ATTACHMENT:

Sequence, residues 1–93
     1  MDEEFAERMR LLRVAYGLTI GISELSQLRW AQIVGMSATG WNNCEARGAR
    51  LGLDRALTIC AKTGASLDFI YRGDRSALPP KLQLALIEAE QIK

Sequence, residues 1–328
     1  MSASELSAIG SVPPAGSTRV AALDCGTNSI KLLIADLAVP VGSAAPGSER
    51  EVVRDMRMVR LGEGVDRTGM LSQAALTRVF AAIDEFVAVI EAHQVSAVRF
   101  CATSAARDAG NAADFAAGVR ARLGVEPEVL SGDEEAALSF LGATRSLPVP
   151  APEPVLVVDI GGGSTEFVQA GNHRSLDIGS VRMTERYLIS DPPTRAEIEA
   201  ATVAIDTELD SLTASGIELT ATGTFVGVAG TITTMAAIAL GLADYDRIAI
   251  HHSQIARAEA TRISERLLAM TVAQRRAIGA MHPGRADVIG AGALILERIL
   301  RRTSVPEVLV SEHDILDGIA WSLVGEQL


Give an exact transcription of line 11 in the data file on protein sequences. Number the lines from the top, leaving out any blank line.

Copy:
   301  RRTSVPEVLV SEHDILDGIA WSLVGEQL